Child poverty on the rise in San Juan County

Steve Garrison
Catherine Knowlton, an assistant food program director at the ECHO Food Bank, puts together a Christmas food box Saturday at the food bank in Farmington.

FARMINGTON – The percentage of children in San Juan County living in poverty rose 2.4 percent in 2014, according to data released Wednesday by the U.S. Census Bureau.

In 2013, there were 9,332 children in San Juan County living in poverty, which is 27 percent of the general children population, according to the bureau's findings. In 2014, that population increased to 9,772 children, or 29.4 percent of the general population.

The overall percentage of the population living in poverty decreased by 0.8 percent, from 27,265 individuals living in poverty in 2013 to 25,680 individuals in 2014, according to the data.

Statewide, childhood poverty shrank by 2.1 percent between 2013 and 2014, and the general population living in poverty declined by 0.8 percent.

Sara Kaynor, executive director of the ECHO Food Bank in Farmington, said Friday her organization, which predominantly serves families and the elderly, has seen an increase in the need for its services since 2013.

"It's gradually gone up," she said. "It's not a dramatic change, not like we saw in 2008-2009, when the recession hit and really slammed San Juan County."

Kaynor said the food bank's emergency backpack program, which supplies local elementary schools with backpacks filled with food for distribution to students, has expanded significantly in the past year.

She said the program expanded from 19 participating schools in the 2013-2014 school year to 24 participating schools in the 2014-2015 school year.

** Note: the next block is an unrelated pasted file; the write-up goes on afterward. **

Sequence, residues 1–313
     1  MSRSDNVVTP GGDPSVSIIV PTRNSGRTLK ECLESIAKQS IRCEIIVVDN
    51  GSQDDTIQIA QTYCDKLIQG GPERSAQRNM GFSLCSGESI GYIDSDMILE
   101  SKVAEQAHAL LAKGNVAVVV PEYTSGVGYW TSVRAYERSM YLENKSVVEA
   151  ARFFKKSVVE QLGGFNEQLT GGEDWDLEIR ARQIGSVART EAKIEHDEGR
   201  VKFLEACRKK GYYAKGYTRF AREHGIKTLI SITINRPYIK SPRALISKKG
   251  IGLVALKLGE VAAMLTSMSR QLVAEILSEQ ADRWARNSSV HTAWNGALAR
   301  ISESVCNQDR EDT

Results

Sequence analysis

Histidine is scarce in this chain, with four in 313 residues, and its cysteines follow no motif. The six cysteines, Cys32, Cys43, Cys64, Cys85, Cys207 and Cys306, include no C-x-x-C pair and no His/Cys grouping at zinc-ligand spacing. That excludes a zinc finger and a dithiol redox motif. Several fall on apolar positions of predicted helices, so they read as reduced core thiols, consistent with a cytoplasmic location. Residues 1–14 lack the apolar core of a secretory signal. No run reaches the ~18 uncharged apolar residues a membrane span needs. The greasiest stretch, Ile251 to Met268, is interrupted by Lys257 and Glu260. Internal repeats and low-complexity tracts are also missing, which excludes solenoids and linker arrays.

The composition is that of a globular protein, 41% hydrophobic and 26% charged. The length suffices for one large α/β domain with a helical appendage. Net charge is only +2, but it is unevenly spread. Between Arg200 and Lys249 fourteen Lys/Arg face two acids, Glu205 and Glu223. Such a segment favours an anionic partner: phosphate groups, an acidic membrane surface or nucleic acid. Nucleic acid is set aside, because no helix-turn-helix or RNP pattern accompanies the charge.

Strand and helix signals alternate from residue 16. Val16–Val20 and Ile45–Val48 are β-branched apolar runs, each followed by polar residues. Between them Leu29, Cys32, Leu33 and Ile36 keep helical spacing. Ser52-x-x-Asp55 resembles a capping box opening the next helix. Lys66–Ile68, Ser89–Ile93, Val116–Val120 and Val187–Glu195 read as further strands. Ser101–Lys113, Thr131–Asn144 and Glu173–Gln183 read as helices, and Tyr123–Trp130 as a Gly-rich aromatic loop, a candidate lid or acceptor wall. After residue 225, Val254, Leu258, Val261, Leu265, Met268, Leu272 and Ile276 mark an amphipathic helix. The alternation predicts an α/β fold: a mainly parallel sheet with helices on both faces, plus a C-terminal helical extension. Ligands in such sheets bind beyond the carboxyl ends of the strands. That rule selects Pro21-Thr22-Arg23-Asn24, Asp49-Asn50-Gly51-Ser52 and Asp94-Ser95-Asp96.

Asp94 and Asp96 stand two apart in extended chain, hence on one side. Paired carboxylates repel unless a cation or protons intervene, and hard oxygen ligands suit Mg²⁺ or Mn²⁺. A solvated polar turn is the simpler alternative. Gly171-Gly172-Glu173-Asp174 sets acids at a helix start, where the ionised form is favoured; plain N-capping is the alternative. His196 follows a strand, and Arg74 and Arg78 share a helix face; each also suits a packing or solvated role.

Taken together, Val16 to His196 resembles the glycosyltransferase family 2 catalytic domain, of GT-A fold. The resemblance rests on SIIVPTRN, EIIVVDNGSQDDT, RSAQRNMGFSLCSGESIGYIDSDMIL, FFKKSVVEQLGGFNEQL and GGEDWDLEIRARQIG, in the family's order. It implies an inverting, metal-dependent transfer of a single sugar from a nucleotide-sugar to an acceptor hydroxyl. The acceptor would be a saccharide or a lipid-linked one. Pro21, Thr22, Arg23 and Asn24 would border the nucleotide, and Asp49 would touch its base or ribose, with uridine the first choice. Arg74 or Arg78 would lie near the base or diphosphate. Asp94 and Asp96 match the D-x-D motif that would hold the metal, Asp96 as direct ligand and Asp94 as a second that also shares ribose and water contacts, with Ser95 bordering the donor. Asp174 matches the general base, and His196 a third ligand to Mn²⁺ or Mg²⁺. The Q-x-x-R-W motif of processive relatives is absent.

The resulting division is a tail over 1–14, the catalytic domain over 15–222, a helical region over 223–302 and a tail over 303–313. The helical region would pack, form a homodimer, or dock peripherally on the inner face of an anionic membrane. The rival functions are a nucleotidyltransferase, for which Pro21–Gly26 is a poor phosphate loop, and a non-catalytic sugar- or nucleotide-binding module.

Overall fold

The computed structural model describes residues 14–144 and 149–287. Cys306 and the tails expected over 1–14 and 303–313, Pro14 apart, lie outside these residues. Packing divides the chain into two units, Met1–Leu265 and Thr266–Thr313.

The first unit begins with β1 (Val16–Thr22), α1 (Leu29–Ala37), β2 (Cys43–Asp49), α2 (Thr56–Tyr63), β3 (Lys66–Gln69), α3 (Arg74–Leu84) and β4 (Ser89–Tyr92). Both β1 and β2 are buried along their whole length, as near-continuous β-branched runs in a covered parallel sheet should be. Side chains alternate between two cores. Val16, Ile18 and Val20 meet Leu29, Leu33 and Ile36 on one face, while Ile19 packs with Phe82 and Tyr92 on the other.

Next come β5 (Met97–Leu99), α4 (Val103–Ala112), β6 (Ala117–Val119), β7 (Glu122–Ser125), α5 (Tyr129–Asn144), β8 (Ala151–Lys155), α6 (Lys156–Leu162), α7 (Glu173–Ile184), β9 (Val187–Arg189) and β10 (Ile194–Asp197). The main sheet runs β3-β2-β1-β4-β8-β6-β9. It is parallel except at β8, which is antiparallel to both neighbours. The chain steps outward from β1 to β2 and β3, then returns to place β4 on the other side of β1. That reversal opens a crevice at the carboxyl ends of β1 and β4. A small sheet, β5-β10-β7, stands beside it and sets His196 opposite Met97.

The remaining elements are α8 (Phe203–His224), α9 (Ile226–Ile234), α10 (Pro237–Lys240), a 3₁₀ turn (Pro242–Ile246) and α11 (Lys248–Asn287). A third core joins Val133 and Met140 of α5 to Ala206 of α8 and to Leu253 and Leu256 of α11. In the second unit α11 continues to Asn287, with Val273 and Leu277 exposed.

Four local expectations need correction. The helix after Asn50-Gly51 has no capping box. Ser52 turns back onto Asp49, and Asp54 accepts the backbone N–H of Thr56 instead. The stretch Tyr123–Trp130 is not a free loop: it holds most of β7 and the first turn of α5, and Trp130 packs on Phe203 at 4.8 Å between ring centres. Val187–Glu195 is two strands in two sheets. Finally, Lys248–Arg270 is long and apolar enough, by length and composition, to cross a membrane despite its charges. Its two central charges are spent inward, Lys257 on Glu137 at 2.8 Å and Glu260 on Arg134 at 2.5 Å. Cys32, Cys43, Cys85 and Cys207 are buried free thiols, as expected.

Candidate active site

Kaynor said there has been an increase in the need for services at the same time there has been a decrease in funding.

Kaynor said BHP Billiton and its employees provided nearly one-third of the food bank's funding in 2015, but that funding will likely disappear when BHP Billiton New Mexico Coal ends its operating contract at the Navajo Mine in December 2016.

Volunteers and staff members work together Saturday as they pack Christmas boxes with food at ECHO Food Bank in Farmington.

"As they fade out, we don't know what the new companies will be doing," Kaynor said. "A new manager for Navajo Mine and a new owner for San Juan (Mine). That is a really scary change for us."

Kaynor said local oil-and-gas companies have limited their donations since the downturn in gas prices took place.

"It's just a gentle increase in need and an equal decrease in resources," Kaynor said. "They are going in opposite directions, which is never good."

The federal agency's estimates are based on numerous sources of data, including the American Community Survey, federal tax records and the Supplemental Nutrition Assistance Program. The U.S. Census Bureau's statistics are used to allocate Title I funding to school districts based on the number and percentage of low-income children who are enrolled.

The bureau reports that 26 percent, or 820 counties, had a statistically significant increase in poverty between 2007 and 2014. Only 1 percent of counties had a statistically significant decrease in poverty during that period.

Steve Garrison covers crime and courts for The Daily Times. He can be reached at 505-564-4644.